When embedding a Python interpreter in another application, such as a game, a tricky parts is to get it to start up and find the right modules. You typically want Python to:
- Find your version of the standard library
- Find your application modules
- Not be confused by any other Python system that may be installed on the machine.
The application has absolute knowledge of the location of the python modules. It has been installed in a known location and it knows where its resources are.
Unfortunately, Python often appears to be designed for the specific needs of python.exe, the “canonical embedding application”. When one calls Py_Initialize(), a number of magic steps are invoked whereby the Python runtime tries to guess the initial setting for sys.path. This may involve finding the program location, looking at the PYTHONPATH environment variable, and so on. When Py_Initialize() returns, it may be too late to modify sys.path because in the mean time, module imports could have occured, such as that of copy_reg.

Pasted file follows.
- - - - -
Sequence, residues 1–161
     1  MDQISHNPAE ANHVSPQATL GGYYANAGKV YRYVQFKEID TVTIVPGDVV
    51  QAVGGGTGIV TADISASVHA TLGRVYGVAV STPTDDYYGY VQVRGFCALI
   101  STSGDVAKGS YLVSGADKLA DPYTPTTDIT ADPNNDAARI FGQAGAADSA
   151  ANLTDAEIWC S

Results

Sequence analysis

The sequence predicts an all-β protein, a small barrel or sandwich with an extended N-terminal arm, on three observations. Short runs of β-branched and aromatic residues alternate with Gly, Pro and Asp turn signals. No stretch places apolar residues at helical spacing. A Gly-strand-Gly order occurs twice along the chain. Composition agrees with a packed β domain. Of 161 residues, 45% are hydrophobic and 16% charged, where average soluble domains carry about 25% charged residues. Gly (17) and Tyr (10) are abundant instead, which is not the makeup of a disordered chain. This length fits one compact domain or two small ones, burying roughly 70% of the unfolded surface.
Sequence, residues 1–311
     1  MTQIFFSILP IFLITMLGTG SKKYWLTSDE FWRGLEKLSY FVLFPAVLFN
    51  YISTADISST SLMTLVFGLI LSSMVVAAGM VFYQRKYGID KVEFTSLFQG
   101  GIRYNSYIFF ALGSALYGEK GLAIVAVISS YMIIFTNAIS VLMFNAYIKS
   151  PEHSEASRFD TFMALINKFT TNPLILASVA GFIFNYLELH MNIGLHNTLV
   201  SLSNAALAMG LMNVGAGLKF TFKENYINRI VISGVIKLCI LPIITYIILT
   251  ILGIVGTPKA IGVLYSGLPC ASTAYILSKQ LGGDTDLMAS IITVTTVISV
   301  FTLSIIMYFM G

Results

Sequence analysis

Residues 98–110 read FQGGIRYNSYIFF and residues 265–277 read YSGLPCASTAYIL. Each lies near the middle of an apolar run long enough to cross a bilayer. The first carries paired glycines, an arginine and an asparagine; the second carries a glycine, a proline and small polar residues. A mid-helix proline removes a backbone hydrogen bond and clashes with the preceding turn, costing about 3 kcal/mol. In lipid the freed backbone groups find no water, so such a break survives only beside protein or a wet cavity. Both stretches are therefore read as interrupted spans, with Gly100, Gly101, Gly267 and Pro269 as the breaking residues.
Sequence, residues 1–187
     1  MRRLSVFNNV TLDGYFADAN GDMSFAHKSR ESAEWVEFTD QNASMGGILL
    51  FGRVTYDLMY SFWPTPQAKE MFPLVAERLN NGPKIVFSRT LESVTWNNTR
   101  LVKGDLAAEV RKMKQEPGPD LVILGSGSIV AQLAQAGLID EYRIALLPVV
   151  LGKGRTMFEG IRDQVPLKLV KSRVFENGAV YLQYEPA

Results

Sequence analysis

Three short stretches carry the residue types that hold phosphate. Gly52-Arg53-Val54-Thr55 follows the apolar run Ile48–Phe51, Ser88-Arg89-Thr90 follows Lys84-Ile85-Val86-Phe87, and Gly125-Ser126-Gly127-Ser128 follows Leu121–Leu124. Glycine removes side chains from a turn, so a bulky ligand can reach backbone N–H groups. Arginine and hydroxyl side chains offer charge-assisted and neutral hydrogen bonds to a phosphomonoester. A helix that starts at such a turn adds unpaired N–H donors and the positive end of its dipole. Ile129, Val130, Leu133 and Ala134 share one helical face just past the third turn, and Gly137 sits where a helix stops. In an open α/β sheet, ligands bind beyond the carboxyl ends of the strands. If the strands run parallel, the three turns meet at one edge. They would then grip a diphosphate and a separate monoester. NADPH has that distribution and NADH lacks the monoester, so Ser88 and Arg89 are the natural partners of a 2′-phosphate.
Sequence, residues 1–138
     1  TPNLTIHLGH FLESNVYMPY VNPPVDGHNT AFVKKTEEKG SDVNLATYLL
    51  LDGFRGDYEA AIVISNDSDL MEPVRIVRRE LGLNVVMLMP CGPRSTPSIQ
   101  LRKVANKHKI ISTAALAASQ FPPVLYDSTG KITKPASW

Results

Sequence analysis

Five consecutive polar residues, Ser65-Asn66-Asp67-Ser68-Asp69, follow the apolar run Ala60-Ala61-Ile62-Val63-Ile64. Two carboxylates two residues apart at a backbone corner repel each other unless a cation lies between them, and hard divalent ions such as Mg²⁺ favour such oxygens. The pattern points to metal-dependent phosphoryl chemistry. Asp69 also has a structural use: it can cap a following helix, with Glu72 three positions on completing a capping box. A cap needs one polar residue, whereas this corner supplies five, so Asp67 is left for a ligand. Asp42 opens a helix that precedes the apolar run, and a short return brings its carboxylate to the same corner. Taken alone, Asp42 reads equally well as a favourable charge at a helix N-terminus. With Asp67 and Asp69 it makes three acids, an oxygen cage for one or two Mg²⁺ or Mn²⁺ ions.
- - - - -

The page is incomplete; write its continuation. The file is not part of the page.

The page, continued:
I have found that circumventing this involves patching pythoncore itself. What we do in EVE before calling Py_Initialize() is to call a custom API, Py_SetPath() with an application-crafted semicolon-separated path string. This will turn off any path-guessing in pythoncore and gives us absolute control.
Before we started doing this, for example, we could not encourage developers to have Python installed on their workstations, for example. We would invariably run into conflicts where the embedded python picked up modules from the installed python and mysterious things would happen. Now there is no need, and the embedded Python and the installed Python can coexsist without conflict.
I’ve recently contributed this patch to python.org.